Premarital agreement, or prenuptial agreement, commonly known as a "prenup", is a written agreement between two people prior to marriage as to what their property and support rights will be when their marriage ends. It is a legal contract that permits the parties— not the courts — to decide their financial fate when the marriage ends. All marriages must, as a matter of law, come to an end by an annulment, divorce or when one spouse dies. Therefore, it is very likely that the terms of a prenuptial agreement will eventually come into play in determining the assets and obligations of the spouses.
If you do not have a prenuptial agreement, a New Jersey court determines who owns the property that you acquire during your marriage, and what happens to that property at divorce or death. The court may even decide what happens to some of the property you owned before you were married. Similarly, the court will also decide what you owe your spouse.
Marriage, like a prenuptial agreement, is a legal contract between the bride and groom, and with the contract of marriage comes certain automatic property rights for each spouse. For example, without a prenuptial agreement, a divorcing spouse usually has the right to share ownership of property acquired during marriage; incur debts during marriage that the other spouse may have to pay for, and share in the management and control of any marital or community property (sometimes including the right to sell it or give it away).
A prenuptial agreement is a very important part of wealth preservation and asset protection planning. Prenuptial agreements are very powerful legal instruments that will control the distribution of property when the marriage ends. Prenuptial agreements are occasionally beneficial for first marriages where one spouse has acquired property or wealth prior to the marriage, or where a substantial family inheritance is anticipated. Prenuptial agreements are especially beneficial for second marriages or marriages later in life because they protect separate property and can greatly reduce the cost of attorney's fees that might be incurred fighting about the property should there be a divorce.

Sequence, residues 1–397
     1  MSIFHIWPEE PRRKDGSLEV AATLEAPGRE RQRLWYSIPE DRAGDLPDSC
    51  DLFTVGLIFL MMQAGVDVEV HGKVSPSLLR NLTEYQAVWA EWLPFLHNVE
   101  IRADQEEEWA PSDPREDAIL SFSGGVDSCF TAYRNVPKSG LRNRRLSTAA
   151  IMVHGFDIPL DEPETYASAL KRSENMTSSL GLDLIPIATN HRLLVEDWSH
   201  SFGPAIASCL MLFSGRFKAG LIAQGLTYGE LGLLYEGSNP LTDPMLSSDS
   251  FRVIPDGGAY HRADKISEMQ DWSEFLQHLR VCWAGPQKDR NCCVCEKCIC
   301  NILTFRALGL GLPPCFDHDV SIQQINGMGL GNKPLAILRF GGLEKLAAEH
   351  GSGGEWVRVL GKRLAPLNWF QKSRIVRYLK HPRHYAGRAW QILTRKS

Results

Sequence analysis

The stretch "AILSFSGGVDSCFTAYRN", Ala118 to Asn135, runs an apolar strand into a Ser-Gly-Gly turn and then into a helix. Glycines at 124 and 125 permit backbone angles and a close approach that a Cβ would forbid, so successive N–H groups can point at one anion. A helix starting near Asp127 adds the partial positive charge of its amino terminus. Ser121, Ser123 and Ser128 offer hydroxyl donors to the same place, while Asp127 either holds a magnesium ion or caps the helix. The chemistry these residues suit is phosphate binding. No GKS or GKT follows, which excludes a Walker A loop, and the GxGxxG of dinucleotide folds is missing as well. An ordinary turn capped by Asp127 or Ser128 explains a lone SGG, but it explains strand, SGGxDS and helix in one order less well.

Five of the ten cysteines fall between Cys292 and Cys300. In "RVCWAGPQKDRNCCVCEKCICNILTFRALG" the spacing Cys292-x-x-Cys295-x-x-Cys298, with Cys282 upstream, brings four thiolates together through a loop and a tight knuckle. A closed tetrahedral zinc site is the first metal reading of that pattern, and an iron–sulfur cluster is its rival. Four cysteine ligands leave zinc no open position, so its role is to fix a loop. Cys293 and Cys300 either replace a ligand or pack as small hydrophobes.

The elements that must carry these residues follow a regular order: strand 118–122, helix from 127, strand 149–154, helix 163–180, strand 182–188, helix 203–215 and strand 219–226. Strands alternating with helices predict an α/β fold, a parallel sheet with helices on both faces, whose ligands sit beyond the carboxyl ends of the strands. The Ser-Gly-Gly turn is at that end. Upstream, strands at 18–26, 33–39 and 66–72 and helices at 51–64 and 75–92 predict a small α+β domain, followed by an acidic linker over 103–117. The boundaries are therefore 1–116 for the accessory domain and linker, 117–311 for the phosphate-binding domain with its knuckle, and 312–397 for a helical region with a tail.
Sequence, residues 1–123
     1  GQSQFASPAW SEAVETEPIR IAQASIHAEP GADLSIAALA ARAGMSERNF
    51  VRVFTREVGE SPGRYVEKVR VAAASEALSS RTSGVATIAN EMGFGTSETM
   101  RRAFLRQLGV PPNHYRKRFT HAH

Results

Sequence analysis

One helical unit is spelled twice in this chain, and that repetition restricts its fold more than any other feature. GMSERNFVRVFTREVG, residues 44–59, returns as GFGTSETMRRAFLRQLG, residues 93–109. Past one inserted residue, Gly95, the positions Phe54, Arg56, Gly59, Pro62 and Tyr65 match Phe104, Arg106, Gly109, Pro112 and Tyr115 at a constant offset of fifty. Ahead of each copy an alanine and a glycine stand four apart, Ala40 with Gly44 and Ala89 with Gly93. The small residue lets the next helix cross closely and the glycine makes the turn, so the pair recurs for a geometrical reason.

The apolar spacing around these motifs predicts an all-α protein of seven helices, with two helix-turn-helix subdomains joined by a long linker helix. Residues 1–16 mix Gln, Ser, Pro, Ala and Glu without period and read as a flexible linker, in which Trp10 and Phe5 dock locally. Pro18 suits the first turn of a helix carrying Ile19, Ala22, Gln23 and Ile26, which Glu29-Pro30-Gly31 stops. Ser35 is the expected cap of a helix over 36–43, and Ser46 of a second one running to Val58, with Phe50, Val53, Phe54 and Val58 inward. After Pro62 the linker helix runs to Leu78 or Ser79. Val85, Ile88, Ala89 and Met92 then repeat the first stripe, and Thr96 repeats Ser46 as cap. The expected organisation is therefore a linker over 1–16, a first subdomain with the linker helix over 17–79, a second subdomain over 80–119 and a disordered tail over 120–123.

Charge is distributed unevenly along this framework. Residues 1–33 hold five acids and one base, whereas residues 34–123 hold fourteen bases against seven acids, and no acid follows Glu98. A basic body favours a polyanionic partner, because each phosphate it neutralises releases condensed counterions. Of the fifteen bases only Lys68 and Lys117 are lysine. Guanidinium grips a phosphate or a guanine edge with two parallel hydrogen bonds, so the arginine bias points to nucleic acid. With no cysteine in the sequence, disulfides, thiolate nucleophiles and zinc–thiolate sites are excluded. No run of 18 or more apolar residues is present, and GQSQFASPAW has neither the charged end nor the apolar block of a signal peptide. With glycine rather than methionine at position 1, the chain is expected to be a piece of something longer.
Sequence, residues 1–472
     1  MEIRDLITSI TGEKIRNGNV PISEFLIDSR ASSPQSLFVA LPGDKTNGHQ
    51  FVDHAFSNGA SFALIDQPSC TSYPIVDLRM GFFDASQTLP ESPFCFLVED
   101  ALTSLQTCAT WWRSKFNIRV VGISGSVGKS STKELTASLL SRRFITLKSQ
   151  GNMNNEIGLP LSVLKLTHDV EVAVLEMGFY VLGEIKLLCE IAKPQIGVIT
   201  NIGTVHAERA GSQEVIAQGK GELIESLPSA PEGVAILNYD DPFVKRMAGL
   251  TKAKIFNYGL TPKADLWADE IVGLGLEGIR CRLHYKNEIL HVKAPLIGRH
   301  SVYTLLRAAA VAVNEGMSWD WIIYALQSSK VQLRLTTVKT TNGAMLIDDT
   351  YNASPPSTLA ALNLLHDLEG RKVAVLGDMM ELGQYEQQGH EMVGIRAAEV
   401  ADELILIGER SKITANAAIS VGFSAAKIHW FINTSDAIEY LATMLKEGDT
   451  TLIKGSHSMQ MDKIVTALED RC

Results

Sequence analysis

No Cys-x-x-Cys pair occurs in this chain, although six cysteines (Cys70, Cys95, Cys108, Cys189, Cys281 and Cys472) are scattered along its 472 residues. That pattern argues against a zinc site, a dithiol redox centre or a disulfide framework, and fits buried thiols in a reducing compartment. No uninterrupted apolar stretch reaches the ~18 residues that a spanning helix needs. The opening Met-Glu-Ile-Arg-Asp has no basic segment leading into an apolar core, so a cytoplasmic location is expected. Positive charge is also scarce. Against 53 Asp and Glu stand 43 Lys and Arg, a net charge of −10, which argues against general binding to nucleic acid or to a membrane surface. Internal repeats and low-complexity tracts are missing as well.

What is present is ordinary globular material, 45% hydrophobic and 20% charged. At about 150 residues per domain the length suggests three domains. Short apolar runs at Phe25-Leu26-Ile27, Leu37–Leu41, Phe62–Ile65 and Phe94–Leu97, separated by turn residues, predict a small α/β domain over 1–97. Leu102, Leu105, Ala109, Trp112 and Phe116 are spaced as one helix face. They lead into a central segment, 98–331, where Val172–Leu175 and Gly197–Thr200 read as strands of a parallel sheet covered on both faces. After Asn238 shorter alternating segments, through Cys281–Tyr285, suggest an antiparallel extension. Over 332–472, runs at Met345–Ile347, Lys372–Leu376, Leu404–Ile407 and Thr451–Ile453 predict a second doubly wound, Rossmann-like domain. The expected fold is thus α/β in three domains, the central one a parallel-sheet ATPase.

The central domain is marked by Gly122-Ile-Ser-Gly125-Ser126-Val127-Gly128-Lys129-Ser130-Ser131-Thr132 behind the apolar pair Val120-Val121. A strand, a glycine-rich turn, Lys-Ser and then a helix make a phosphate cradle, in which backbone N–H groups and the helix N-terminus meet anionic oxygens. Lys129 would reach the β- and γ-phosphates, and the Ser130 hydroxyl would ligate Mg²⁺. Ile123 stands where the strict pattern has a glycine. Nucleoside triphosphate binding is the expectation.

Protecting one's property for children of a former marriage is a common reason for a prenuptial agreement. An effective prenuptial agreement can prevent unseemly and expensive lawsuits between the surviving spouse and the decedents. It can also protect one party from his or her spouse's attempts to set aside gifts that the party may have made to his/her children or other third parties during marriage.
Prenuptial agreements can also protect one spouse against the premarital debts and obligation of the other spouse. For example, if the husband is coming into the marriage with outstanding tax liabilities, support obligations to a former spouse or children, a pending lawsuit, debts to other creditors, or other real or potential financial obligations, a premarital agreement may be helpful in protecting the new wife's property or earnings from the husband's creditors.
Attorney Veronica Norgaard has assisted numerous New Jersey clients in drafting prenuptial agreements. For more information, or for a free consultation with a lawyer, contact her online in New Brunswick, New Jersey, or by calling 732-226-7619.